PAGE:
Buffalo Nickels

James Earle Fraser, a famous sculptor noted for his American West imagery, wrote to the Mint in 1911 upon hearing a replacement was under consideration for the Liberty Nickel. He proposed the following in his September 19 letter:

The idea of the Indian and buffalo on the same coin is, without doubt, purely American and seems to be singularly appropriate to have on one of our national coins.

Fraser's lobbying paid off, as he was selected as the designer of the new nickel. Fraser depicted a Native American on the obverse, sitting three different Indian chiefs as models to form a composite portrait.

In keeping with the western theme, an American bison, more commonly called a buffalo, was selected as the main reverse feature. The bison was modeled after a resident of the New York Zoo named "Black Diamond".

The Buffalo Nickel was released on Mar 4, 1913, the last day in office for President Howard Taft, who received a bag of the new coins at a groundbreaking ceremony for a Native American center in New York.

There were two varieties of the Buffalo Nickel in 1913. Type 1 nickels were minted for only a few months in 1913, characterized by the wording FIVE CENTS on a raised mound on the reverse, as shown in the photo directly below. This was quickly recognized as a rapid wear spot, so the mound was reduced to a straight line. The area below the line was recessed, where FIVE CENTS received greater protection against wear. The straight line resulted in Type 2 Buffalo Nickels.

US Coin Values Advisor has completed Coin Value Tables for the Buffalo Nickel, reporting price trends over a long period of time for individual coins of this series.




Buffalo Nickel
Coin Photos courtesy of Ira & Larry Goldberg Coins & Collectibles, Inc., Beverly Hills, CA




After debuting in 1913, minting of the Buffalo Nickel continued intermittently until 1938. None were made in 1922, 1932, and 1933. By the end of 1937, plans were in full motion to replace the Buffalo Nickel. The last of them were minted in 1938.

Buffalo Nickel clay models

Clay Models Buffalo Nickels

These are clay models of the Buffalo Nickel sculpted by James Earle Fraser.  The model on the obverse was actually a composite of three Indian chiefs named Iron Tail, Big Tree and Two Moons. The bison model, named "Black Diamond", lived in the New York Bronx Zoo, and steadfastly refused to cooperate with Fraser. The artist convinced a zoo keeper to distract the massive animal in order to capture the side profile he was after.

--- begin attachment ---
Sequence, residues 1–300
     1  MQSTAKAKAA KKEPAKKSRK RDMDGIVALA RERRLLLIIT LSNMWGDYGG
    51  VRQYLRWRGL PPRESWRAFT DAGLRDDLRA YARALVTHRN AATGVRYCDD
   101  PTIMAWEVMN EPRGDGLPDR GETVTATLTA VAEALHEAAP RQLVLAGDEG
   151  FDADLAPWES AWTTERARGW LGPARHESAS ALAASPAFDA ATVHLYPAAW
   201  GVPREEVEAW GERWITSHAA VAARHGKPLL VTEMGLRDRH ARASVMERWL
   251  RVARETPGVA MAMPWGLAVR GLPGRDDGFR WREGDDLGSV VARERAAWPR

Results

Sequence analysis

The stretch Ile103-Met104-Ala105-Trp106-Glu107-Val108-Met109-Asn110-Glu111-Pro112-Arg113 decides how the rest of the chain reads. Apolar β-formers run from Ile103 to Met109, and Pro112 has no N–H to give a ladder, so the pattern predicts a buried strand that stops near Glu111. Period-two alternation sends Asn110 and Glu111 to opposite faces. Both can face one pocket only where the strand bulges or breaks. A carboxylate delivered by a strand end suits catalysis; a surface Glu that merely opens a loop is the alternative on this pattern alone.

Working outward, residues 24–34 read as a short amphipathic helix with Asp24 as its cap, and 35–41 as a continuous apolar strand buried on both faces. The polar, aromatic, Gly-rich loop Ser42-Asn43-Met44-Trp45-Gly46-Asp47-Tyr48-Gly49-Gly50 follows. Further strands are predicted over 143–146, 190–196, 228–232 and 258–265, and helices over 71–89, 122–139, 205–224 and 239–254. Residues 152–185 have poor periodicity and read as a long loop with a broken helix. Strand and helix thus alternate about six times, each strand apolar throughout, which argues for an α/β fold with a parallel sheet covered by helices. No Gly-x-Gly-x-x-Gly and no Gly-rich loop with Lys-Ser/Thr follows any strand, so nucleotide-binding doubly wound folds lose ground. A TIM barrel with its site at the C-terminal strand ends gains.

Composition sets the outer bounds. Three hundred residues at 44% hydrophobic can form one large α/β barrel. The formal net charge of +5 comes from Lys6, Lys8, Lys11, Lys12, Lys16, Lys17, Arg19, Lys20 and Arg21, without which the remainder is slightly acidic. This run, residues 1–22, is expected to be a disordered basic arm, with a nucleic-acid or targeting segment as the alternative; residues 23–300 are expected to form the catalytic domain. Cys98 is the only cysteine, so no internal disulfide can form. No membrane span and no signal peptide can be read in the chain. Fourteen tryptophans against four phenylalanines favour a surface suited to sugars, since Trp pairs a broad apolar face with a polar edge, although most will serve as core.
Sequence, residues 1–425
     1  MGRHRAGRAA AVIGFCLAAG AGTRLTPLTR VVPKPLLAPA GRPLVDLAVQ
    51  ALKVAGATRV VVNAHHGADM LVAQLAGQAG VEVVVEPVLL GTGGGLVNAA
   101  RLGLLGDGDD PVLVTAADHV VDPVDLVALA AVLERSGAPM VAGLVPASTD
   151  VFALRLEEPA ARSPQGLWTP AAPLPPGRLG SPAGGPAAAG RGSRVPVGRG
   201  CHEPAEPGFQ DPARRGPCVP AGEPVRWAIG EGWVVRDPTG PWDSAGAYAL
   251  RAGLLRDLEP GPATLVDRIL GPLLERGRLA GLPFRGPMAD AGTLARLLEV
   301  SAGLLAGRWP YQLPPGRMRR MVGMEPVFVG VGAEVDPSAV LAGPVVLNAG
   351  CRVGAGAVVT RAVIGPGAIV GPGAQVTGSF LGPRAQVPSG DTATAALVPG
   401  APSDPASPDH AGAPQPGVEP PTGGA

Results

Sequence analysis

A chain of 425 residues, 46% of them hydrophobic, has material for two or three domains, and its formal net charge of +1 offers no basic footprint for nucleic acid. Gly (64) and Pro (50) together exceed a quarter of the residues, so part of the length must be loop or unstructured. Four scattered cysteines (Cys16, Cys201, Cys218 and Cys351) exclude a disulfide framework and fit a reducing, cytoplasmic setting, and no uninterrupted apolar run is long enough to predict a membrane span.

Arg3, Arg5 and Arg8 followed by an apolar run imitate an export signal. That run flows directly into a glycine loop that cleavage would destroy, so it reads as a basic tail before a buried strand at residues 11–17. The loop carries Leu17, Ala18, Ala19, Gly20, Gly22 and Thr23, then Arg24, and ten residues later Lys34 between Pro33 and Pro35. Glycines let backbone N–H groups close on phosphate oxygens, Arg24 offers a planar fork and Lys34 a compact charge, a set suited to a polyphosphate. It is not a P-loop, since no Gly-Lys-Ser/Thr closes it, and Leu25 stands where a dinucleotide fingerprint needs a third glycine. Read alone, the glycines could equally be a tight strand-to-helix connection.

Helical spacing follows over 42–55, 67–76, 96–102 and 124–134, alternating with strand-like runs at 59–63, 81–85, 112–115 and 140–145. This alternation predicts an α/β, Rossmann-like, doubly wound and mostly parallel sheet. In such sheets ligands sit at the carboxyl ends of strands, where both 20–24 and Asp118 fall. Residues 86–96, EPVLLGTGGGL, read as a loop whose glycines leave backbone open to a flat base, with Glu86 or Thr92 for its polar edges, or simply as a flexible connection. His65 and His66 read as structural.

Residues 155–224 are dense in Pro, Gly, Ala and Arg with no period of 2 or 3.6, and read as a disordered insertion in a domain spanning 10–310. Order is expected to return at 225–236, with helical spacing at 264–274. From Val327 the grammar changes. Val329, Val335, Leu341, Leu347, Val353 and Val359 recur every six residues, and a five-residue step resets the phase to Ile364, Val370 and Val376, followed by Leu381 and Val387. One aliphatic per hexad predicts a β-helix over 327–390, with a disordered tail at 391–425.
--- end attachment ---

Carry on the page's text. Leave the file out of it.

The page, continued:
Public domain image courtesy of National Cowboy & Western Heritage Museum

Buffalo Nickels are very popular with modern day collectors. A number of well researched books are available to assist numismatists in their quest for knowledge about this quintessential American coin.

There are at least three key date Buffalo Nickels that command attention from serious collectors every time a specimen is offered for sale.  The last two of them are so rare, so you'll only occasionally be able to buy the coins on eBay. The 1913-S Type 2 is a great coin to own, but is still within the buying range of many coin collectors. Here are the links to the key date Buffalo Nickels:



As always, when you buy rare coins on eBay, make sure they've been certified as authentic by one of the four leading grading service companies: PCGS, NGC, ICG, or ANACS.  This is especially true for the 1937 Three-legged Buffalo Nickel, as many fakes of the rarity exist.  The left hand side of each "Sales Box" is value trend data over a very long period of time for a coin of that date in G-4 condition.  The percent annual increase is computed for comparative purposes.  The coin pictured for sale in the right hand side is not necessarily the same condition coin as that represented in the value trend analysis on left hand side.



1913-S T2
Buffalo Nickel
Condition: G-4


1918/7-D
Buffalo Nickel
Condition: G-4

% Annual Increase Since 1950  =

6.60%
% Annual Increase Since 1950  =

7.58%


1937-D 3 leg
Buffalo Nickel
Condition: G-4


% Annual Increase Since 1950  =

9.43%


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